At Columbus Mayor Teresa Tomlinson’s urging, the Muscogee County Board of Elections and Registrations has agreed to extend Columbus’ early voting for Tuesday’s runoff by two hours on Thursday and Friday, the final days of advance voting.
The hours were 8 a.m. to 5 p.m. Now they will be 8 a.m. to 7 p.m.
The mayor made the request Tuesday night, after the 5:30 p.m. Columbus Council meeting. She told elections director Nancy Boren the city had heard complaints about the schedule.
Rumors spread the move came after councilors coming to the meeting tried to vote too late.
District 8 Councilor Walker Garrett said Wednesday that he tried to vote after 5 p.m., because he had not checked the schedule.
Did he complain the hours needed to be extended?
“I didn’t,” he said. “I thought it, though.”
With “all the stuff thrown around about voter suppression” this election year, he felt day-shift workers should be able to vote later in the evening, after work, he said.
Tomlinson responded to the Ledger-Enquirer’s inquiry Wednesday night, in a voice message saying District 7 Councilor Mimi Woodson found people trying to vote when she got to the council meeting around 6 p.m., and they were upset they were not able to cast ballots after they got off work.
The extended hours will increase the cost of the runoff, which was not included in the elections office budget, though councilors were warned runoffs were possible, when the budget was approved.
Boren believes the entire cost of the runoff will be about $60,000. To keep the early voting poll open after hours in the City Services Center at 3111 Citizens Way, she will need eight poll workers paid $10 an hour, and a sheriff’s deputy who’ll make $25 an hour.
The elections office will pay $30 an hour for the deputy, because the city government uses a third-party vendor that charges $5 an hour to handle payments to law enforcement officers working security while they’re off duty, Boren said.
Though no local races are on the runoff ballot, Columbus residents have shown considerable interest in the holiday election: 543 voted in person on Monday and 992 on Tuesday. Boren said her staff had mailed out 3,412 absentee ballots as of 2 p.m. Wednesday, and had a stack of absentee ballot applications that had just come in the mail.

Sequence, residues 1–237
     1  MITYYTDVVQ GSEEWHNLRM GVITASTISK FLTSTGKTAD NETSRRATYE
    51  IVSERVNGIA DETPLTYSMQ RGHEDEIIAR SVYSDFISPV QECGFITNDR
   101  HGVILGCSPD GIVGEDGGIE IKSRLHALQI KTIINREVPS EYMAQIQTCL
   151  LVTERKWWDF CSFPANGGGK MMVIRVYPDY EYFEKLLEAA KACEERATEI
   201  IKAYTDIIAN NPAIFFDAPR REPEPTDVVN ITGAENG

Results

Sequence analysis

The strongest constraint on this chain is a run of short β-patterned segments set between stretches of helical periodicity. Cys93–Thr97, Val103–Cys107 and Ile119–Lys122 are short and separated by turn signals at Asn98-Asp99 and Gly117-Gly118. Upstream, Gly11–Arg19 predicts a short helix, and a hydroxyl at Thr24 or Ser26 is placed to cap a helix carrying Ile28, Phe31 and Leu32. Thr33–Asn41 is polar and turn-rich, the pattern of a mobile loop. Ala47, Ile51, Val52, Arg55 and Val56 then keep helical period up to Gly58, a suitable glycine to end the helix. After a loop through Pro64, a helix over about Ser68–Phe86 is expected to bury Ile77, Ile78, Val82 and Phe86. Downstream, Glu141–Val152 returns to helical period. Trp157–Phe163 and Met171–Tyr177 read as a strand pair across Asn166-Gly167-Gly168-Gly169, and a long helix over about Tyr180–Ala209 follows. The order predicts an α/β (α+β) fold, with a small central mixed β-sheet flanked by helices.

Both the Republican and Democratic parties have been sending absentee ballot applications to their partisans.
All county residents who were eligible to vote in the Nov. 6 General Election – whether they voted or not – can vote in the runoff.
Those who are 65 or older or disabled and requested a mail-in absentee ballot for the Nov. 6 election automatically will be sent absentee ballots for the runoff. They do not have to request another one, Boren said.
In Harris County, early voting began Tuesday and continues through Friday, 8 a.m. to 5 p.m. at the elections office, 104 N. College St. in Hamilton.
Residents unsure of their eligibility can check it online through the Georgia Secretary of State’s My Voter Page, www.mvp.sos.ga.gov, where they also can see sample ballots.
Only two races are on the runoff ballot:
▪ Republican Brad Raffensberger and Democrat John Barrow face off for the Georgia Secretary of State position formerly held by Governor-elect Brian Kemp.
▪ Incumbent Republican Chuck Eaton and Democrat Lindy Miller vie for the 3rd District Public Service Commission seat.
Georgia requires voters to show a government-issued photo ID to cast ballots. That includes a passport, a driver’s license, a license bureau-issued state ID for those who don’t have licenses or a government employee ID such as a military card.
All of Muscogee County’s neighborhood voting precincts will be open 7 a.m. to 7 p.m. Tuesday for Election Day.